Brazil crisis deepens with probe of president, top senator


President Michel Temer of Brazil has denied a newspaper report that he approved payments to silence a possible witness in a corruption inquiry.

Brazil's Bovespa stock market was briefly halted as investors reacted to corruption allegations against Brazilian President Michel Temer.

Demonstrators protest against Brazil's President Michel Temer in Sao Paulo, on May 17.

Mr Temer's office said he had never requested payments to Mr Cunha, and called for a full investigation into the allegations.

JBS, which grew rapidly under 13 years of leftist Workers Party rule due largely to low-priced loans from Brazil's national development bank, said on Thursday that it had no comment on the situation.

"If the recordings are confirmed, Temer would have to defend his mandate in multiple fronts: public pressure for his resignation, an impeachment proceeding in Congress and an investigation by the general prosecutor's office", Thomas Favaro, an associate director at consultancy firm Control Risks, told clients in note.

Last year, Temer took over as president after the impeachment of Dilma Rousseff in a ruction attributed to the then-powerful Cunha.

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The scandal started with Globo's report late Wednesday that Temer had been secretly recorded while talking to Joesley Batista, an executive from the meatpacking giant JBS, on March 7.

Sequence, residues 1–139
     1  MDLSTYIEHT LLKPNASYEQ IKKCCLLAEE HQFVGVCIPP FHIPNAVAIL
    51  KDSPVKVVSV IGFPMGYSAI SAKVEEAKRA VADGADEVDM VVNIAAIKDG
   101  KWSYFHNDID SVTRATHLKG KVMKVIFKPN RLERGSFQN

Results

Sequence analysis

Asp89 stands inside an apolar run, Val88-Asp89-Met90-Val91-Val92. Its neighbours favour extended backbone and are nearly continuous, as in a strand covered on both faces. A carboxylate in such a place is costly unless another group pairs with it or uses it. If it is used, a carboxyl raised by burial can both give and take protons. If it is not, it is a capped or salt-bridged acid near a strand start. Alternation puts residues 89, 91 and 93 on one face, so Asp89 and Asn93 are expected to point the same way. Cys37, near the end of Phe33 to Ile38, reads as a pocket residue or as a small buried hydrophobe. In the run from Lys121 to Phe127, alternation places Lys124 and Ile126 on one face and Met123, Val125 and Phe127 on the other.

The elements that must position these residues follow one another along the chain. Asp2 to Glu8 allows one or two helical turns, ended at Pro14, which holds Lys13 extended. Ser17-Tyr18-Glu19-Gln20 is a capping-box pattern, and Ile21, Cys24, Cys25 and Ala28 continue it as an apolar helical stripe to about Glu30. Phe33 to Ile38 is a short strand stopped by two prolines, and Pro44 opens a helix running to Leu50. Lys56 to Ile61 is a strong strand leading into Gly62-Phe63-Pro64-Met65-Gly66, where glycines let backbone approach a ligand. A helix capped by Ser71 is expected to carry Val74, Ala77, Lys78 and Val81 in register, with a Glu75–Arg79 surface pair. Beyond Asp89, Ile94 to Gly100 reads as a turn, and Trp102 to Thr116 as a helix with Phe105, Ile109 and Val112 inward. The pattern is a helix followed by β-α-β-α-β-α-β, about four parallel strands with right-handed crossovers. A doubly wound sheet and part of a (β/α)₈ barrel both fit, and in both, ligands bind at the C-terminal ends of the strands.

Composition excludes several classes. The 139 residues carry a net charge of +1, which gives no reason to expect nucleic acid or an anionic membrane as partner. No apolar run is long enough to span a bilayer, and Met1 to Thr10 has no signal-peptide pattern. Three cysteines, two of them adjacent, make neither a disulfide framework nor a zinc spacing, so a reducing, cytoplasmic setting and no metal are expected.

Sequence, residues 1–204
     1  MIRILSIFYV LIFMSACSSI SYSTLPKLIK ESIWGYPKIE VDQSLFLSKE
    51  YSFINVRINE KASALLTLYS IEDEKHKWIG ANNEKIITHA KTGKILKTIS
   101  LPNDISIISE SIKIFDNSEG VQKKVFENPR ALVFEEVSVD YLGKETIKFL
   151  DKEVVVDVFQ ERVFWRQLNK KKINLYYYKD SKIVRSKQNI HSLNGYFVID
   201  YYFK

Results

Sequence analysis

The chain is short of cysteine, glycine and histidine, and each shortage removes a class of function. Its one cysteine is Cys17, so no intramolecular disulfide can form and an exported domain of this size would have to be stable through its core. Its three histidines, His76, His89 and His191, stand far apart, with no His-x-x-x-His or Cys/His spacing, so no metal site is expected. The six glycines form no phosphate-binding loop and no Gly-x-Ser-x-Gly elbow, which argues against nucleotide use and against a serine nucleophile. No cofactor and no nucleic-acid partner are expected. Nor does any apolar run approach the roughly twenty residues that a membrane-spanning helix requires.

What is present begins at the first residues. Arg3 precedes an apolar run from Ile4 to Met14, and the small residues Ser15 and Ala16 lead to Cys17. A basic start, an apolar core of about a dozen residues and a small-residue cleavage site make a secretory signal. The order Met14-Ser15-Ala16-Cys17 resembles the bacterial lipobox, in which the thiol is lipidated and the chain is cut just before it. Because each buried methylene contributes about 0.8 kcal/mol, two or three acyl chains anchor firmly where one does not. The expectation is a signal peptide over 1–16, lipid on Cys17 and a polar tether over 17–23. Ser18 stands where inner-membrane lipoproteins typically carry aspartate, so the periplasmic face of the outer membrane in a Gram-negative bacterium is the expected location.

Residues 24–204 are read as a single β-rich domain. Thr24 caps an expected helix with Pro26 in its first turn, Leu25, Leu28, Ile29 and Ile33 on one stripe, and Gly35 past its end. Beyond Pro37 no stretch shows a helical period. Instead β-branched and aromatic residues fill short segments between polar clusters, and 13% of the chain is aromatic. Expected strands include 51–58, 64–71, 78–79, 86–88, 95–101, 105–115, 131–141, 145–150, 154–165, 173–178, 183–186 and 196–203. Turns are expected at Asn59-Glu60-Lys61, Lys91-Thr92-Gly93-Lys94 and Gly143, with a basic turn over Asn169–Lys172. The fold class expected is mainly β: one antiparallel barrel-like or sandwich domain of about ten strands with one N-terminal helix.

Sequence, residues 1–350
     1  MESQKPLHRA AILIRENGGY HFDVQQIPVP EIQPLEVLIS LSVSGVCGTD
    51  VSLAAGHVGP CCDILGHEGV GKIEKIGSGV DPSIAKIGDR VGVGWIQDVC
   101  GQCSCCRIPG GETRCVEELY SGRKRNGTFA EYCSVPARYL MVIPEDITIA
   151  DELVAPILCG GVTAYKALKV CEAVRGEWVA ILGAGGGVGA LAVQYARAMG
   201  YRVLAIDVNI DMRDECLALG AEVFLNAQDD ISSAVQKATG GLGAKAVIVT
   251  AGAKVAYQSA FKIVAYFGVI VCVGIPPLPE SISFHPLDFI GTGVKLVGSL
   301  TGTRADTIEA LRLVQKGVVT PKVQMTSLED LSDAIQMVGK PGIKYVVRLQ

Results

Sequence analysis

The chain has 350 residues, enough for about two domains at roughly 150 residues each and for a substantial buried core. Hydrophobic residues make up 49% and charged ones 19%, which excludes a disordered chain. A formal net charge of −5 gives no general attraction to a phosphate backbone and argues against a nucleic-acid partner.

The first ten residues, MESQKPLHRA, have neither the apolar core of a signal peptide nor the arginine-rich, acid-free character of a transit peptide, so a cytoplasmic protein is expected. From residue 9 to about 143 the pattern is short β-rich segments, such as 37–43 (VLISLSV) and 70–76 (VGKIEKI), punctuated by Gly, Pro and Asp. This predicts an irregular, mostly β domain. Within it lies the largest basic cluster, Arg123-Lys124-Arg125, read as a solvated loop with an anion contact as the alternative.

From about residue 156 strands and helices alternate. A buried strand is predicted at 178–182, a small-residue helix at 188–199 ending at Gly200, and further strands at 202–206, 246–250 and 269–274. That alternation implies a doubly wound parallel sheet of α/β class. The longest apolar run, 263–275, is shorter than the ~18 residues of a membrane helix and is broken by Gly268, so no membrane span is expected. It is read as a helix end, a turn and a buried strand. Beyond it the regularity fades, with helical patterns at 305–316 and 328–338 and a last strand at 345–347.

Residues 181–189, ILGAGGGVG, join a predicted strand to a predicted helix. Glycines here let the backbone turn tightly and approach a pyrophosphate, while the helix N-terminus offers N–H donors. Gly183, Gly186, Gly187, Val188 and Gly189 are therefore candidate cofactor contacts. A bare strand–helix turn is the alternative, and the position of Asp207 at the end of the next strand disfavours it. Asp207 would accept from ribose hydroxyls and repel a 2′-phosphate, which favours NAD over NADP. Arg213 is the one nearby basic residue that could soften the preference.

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The veteran centre-right politician, who took over previous year with a promise to restore Brazil's stability after the impeachment of leftist president Dilma Rousseff, remained defiant.

Both JBS and its holding company, J&F, declined to comment.

Following Globo's report, Thursday began in a panic.

The prominent daily newspaper O Globo reported on Wednesday that a meat producer had recorded the President giving the go-ahead to bribe Cunha to "keep quiet" while he was in jail. Crowds also gathered outside the presidential palace chanting "Fora Temer" (Temer out).

The scandal is the latest shockwave from the wider "Car Wash" graft probe ripping through Brazilian politics, involving vast bribes and embezzlement. The former House Speaker was stripped of his parliamentary seat and jailed for corruption, money laundering and tax evasion.

A separate secret recording made by Batista allegedly caught Senator Aecio Neves, head of the PSDB party and a close Temer ally, asking him for a bribe of two million reais, or around Dollars 600,000. Aecio Neves, who almost won the presidency in 2014 and planned to run again next year.

According to Batista, Temer appeared to be satisfied with what was said, lowered his voice, and purportedly said, "Look, you've got to keep that up".

A major newspaper in Brazil, O Globo, is reporting that Temer was caught on tape discussing bribery payments. "He neither participated nor authorised any activity with the objective of preventing testimonies or cooperation with justice officials by the parliamentarian". With several ministers facing corruption allegations, they argue his government is no longer legitimate.

In addition to implicating Temer in the exchange with Cunha, Joesley Batista, the owner of JBS, reportedly testified that he had paid Cunha R$5 million since his imprisonment as part of an ongoing financial agreement, and still owed him R$20 million, in an agreement made after the politician exempted the poultry industry from certain taxes.